Translation of Bhagavad Gita 6.7
For one who has conquered the mind, the Supersoul is already reached, for he has attained tranquillity. To such a man happiness and distress, heat and cold, honor and dishonor are all the same.
Commentary by Sri A.C. Bhaktivedanta Swami Prabhupada of Gaudiya Sampradaya:
Actually, every living entity is intended to abide by the dictation of the Supreme Personality of Godhead, who is seated in everyone’s heart as Paramatma. When the mind is misled by the external, illusory energy, one becomes entangled in material activities. Therefore, as soon as one’s mind is controlled through one of the yoga systems, one should be considered to have already reached the destination. One has to abide by superior dictation. When one’s mind is fixed on the superior nature, he has no alternative but to follow the dictation of the Supreme. The mind must admit some superior dictation and follow it. The effect of controlling the mind is that one automatically follows the dictation of the Paramatma, or Supersoul. Because this transcendental position is at once achieved by one who is in Krishna consciousness, the devotee of the Lord is unaffected by the dualities of material existence, namely distress and happiness, cold and heat, etc. This state is practical samadhi, or absorption in the Supreme.
Commentary by Sri Vishvanatha Chakravarthi Thakur of Gaudiya Sampradaya:
Three verses show the qualities of the person who has attained steady meditation (yogarudha). The yogi who has controlled the mind (jitatmanah), who is devoid of attachment to objects (prasantasya), has his soul (atma) completely (param) situated in samadhi (samahitah), in all conditions of duality, heat and cold, happiness and distress, respect and disrespect.
Commentary by Sri Ramanuja of Sri Sampradaya:
6.7 Of him whose self is conquered, i.e., whose mind is conquered, whose mind is free from fluctuations and who is very calm, ‘the great self’ becomes well secured, i.e., exceedingly well secured in connection with heat and cold, pleasure and pain, and honour and dishonour. Here the individual self (Pratyagatman) is called ‘the great self’ (Paramatman), as the context justifies this only. It can also be called ‘great’, because it is at a higher stage relatively to previous successive stages. Or the word may be construed as follows: The self is secured greatly — Atma parma samahitah. [In any case it should not be taken as the Supreme Being].
Commentary by Sri Sridhara Swami of Rudra Sampradaya:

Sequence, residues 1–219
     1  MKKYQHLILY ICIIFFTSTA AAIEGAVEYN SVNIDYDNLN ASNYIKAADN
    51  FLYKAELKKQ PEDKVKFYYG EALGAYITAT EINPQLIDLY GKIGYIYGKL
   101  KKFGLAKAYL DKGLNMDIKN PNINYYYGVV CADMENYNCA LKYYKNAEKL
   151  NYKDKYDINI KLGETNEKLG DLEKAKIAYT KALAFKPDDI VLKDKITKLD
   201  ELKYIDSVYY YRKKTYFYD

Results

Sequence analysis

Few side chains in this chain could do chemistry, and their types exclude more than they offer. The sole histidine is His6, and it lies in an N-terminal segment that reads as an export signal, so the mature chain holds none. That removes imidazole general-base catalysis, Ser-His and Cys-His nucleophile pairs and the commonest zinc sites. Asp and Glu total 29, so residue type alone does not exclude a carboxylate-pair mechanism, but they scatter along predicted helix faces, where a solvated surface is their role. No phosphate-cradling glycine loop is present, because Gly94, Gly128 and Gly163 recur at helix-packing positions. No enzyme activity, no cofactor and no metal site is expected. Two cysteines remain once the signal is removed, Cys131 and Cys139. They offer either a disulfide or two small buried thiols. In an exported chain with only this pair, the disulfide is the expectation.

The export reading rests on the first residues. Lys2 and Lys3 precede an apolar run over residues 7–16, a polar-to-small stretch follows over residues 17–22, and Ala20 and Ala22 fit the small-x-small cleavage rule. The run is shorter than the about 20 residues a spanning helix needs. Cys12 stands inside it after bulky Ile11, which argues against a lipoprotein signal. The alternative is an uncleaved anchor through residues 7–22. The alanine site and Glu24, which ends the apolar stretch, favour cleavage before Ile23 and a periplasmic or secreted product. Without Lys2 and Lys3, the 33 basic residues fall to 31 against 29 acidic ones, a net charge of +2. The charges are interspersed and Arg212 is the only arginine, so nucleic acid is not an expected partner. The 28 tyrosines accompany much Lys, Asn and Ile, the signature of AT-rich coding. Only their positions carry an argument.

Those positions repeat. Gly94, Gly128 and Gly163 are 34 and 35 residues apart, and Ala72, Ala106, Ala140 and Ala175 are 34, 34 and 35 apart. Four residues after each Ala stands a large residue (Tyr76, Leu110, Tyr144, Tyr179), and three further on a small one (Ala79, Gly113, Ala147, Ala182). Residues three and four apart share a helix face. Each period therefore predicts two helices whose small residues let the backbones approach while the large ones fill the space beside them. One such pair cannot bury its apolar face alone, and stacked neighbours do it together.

Evidence of the minds friendliness is elucidated now by Lord Krishna. Freedom from all dualities such as heat and cold, praise and ridicule, joy and grief. Continuously poised and serene within meditating on the atma or soul. Another interpretation is that the awakened individual soul has attained communion with the ultimate soul establishing it in his heart.
Commentary by Sri Madhvacharya of Brahma Sampradaya:
Sri Madhvacharya did not comment on this sloka.
Commentary by Sri Keshava Kashmiri of Kumara Sampradaya:
After previously describing that a person who has conquered their mind is there own best friend and after explaining the special qualities possessed by one who has climbed the heights and is detached from sense impulses. Lord Krishna now refers to the person who has traversed successfully the path of yoga or the science of the individual consciousness attaining communion with the ultimate consciousness and has become firmly established in their spiritual nature. Such a person has transcended all dualities such as cold and heat, happiness and distress, honour and dishonour. Such persons are serene and peaceful in all situations because they are established in spiritual knowledge from the Vedic scriptures.
Commentary by Sri Adi Shankaracharya of Advaita Sampradaya:
6.7 Parama-atma, the supreme Self; jita-atmanah, of one who has control over the aggregate of his body and organs; prasantasya, who is tranquil, who is a monk with his internal organ placid; samahitah, becomes manifest, i.e. becomes directly manifest as his own Self. Moreover, (he should be equipoised) sita-usna-sukha-duhkhesu, in the midst of cold and heat, happiness and sorrow; tatha, as also; mana-apamanayoh in honour and dishonour, adoration and despise.
Commentary by Sri Abhinavagupta of Kaula Tantra Sampradaya:
6.7 Jita-etc. A person with complete calmness : a person without ego. [The thinking etc.] ; A thinking that entertains no difference in the case of others and of himself, and of cold and heat etc., i.e., [entertains] no like and dislike [for them].
Sanskrit Shloka Without Transliteration Marks:
Sanskrit to English Word for Word Meanings:
jita-ātmanaḥ — of one who has conquered his mind; praśāntasya — who has attained tranquillity by such control over the mind; parama-ātmā — the Supersoul; samāhitaḥ — approached completely; śīta — in cold; uṣṇa — heat; sukha — happiness; duḥkheṣu — and distress; tathā — also; māna — in honor; apamānayoḥ — and dishonor.